Magazine article Computers in Libraries

The Way You Organize Your Electronic Resources Really Matters; the Arrangement of the Materials Should Be Designed So That Library Users Can Easily Find the Materials They Need or Want

Magazine article Computers in Libraries

The Way You Organize Your Electronic Resources Really Matters; the Arrangement of the Materials Should Be Designed So That Library Users Can Easily Find the Materials They Need or Want

Article excerpt

Despite all the attention focused on the virtual library, which has no real sense of "place," libraries are still physical locations with lots of "things." These things--the books, magazines, photographs, audiotapes, compact discs, videocassettes, DVDs, CD-ROMs, and all the other items in collections--are all carefully cataloged, but they are also just as carefully organized into physical locations. Not everyone agrees, however, on the specific organization that is best. Would patrons be better served if materials in different formats were placed together? Should a videocassette on skate-boarding be shelved next to books on skate-boarding? Should a DVD of a popular movie be shelved with the book from which it is taken? Or, would library patrons prefer to have all the items in a particular format shelved together so that they can browse through only the materials in that format to find a movie for that evening's entertainment or a book or CD to take on a trip?


Displays of materials are another issue in organization. Bookstores and libraries are aware of marketing techniques designed to draw attention to materials that might be overlooked as part of the regular collection. I sometimes find this frustrating, however, since I tend to be a focused user who has looked up a specific title in the bookstore computer or library catalog. I head to where the title is supposed to be located only to find it isn't there. If I consult staff members, they sometimes have an idea that the item has been included in a display, but they often don't know where the display is located. This can lead to a time-consuming search of the store or library to find a title that the computer says is available. This is frequently the case for newly released titles or titles on a hot topic. In the case of bookstores, I generally solve the problem by going online to order the title. In libraries, however, I just have to keep searching.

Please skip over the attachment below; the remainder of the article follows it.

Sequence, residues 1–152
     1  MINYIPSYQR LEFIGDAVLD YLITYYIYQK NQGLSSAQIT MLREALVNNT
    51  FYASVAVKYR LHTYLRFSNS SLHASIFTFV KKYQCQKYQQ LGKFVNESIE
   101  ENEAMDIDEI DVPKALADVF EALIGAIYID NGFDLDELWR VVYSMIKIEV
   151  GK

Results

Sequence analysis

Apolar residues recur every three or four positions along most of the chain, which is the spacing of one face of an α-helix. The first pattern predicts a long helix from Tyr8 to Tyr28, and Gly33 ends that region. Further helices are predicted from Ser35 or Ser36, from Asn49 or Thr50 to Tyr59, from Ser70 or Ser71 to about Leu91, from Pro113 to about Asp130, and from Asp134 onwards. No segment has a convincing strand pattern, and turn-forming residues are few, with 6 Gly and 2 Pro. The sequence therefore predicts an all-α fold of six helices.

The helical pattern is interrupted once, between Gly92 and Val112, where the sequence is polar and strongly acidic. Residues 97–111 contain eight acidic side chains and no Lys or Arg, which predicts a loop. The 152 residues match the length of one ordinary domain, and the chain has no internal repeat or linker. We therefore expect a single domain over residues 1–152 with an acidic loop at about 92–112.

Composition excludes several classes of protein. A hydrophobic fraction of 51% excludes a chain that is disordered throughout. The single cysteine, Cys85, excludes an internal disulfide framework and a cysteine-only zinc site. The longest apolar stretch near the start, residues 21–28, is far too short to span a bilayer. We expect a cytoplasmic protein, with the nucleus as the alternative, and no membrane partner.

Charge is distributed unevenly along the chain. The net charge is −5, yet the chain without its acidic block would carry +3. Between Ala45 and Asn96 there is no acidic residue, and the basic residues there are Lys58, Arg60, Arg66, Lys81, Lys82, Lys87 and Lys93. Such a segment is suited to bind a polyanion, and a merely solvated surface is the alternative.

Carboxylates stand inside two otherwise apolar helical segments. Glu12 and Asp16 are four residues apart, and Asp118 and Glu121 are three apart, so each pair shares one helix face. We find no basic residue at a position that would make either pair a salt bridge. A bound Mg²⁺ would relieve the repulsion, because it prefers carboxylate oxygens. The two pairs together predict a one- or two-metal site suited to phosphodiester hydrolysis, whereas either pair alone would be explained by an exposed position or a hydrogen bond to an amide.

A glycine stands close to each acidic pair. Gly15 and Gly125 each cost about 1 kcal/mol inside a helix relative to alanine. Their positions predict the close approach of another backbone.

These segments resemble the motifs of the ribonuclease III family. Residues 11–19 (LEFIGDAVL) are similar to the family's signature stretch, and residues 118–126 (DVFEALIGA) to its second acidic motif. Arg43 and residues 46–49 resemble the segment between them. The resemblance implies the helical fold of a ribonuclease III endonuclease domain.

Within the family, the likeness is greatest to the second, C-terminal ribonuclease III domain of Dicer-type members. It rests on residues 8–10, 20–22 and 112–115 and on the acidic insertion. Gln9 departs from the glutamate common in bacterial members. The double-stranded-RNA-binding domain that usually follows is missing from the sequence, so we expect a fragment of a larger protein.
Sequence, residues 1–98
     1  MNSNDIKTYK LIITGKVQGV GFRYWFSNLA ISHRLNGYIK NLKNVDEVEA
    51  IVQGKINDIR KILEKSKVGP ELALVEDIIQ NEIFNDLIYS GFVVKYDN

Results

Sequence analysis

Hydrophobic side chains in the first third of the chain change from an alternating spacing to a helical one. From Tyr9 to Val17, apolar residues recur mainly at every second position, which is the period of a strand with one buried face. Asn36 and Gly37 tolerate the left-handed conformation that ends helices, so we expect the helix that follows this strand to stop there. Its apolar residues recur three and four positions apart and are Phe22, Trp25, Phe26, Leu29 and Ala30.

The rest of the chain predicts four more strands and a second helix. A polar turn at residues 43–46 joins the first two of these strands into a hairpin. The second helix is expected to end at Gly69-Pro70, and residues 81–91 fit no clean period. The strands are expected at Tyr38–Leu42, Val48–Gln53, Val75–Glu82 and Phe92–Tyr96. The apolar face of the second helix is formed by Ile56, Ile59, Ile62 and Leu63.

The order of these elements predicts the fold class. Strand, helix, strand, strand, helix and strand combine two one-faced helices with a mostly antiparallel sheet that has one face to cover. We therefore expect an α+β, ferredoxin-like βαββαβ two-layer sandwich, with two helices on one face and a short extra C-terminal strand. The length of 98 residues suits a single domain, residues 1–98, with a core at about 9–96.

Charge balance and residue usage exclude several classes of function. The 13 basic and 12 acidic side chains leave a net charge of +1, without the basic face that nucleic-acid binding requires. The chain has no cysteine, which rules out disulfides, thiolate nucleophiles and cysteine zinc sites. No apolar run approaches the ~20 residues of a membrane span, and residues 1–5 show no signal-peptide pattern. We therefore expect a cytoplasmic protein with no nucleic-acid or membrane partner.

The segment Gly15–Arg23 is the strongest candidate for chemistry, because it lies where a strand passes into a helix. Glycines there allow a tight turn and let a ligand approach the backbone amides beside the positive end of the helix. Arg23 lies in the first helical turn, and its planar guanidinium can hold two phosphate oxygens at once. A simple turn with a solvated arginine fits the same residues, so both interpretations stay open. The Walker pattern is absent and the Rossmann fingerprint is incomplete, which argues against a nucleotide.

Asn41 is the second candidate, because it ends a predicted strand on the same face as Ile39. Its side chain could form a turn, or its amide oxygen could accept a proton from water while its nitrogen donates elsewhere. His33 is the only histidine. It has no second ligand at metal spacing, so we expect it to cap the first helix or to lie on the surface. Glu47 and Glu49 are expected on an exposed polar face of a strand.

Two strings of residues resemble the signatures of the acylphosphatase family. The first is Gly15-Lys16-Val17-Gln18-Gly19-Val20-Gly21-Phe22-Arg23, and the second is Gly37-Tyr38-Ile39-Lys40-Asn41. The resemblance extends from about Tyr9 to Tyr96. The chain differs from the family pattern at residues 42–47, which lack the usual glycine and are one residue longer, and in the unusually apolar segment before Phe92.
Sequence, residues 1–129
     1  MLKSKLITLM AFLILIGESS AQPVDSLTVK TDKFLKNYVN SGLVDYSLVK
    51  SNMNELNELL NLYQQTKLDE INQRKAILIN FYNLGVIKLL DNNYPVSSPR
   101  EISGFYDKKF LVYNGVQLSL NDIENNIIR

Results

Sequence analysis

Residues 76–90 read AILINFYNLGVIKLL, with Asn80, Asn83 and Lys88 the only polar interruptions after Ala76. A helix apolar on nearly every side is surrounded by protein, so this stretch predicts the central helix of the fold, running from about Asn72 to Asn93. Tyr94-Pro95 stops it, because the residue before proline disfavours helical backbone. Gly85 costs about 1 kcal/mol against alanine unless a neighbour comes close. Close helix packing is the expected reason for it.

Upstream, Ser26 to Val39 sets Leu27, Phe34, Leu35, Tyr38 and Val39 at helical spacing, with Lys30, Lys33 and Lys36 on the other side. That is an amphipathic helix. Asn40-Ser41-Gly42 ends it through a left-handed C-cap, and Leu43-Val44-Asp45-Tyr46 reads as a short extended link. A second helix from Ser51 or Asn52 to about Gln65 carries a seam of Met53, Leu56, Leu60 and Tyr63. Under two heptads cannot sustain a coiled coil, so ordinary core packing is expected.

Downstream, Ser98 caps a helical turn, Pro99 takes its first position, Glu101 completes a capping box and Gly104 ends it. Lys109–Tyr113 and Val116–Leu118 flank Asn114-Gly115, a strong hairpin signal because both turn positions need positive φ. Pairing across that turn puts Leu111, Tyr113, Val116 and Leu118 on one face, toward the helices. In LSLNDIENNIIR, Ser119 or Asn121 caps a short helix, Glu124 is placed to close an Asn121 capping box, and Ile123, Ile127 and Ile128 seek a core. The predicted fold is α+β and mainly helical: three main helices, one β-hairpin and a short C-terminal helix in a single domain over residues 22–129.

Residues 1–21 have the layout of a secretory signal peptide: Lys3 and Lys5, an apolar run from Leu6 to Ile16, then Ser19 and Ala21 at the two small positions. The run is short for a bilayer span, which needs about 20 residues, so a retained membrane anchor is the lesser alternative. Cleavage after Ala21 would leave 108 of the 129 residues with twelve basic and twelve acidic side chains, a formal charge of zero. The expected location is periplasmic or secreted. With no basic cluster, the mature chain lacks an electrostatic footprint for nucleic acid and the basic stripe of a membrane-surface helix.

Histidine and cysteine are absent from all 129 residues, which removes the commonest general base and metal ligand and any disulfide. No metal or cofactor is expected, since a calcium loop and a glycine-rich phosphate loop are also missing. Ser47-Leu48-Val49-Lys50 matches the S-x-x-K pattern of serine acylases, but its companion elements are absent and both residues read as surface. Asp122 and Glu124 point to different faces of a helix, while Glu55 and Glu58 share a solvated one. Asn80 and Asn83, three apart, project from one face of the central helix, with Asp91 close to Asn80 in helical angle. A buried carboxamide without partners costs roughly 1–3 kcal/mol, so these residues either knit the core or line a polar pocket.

Store Anywhere, Retrieve Everywhere

It might seem, then, that the virtual library with digital resources would not have the same problems, since digital materials can be retrieved without the user being aware of their actual location. There has been a commercial showing on TV lately that demonstrates this idea. The commercial shows a man sitting at a desk surrounded by long rows of filing cabinets. People come up to him asking for specific records and he effortlessly hands them over--in one case, even before the person finishes asking the question. The commercial is for GE Medical Systems, but the concept of effortless retrieval for users is applicable to libraries. Electronic resources can be retrieved from anywhere, but users still have to find their way to the resources, just as the people in the commercial had to find their way to the man at the desk. As librarians add electronic resources to their collections, they must consider the organization and presentation of these resources. [Editor's Note: For one example, see Todd Digby's feature on page 6.]

A further complication is that library collections, unlike the medical records in the television commercial, are not, at least at this time, solely in digital form. Libraries have both physical materials and digital materials, and any plan for organization must address how these can best be integrated for ease of use. Fortunately, librarians are working on this issue and are sharing their efforts on the Web.

Librarians Research the Issues

In past columns, I've mentioned several sites that have been created specifically for librarians. These sites often have collections of resources on topics of current interest to us. One such site is, which has a resource page titled Knowledge Management and Libraries. There are links to general resources, including a new site, Knowledge Management Resource Center, a comprehensive collection of resources on knowledge management that's directed toward businesses rather than libraries. …

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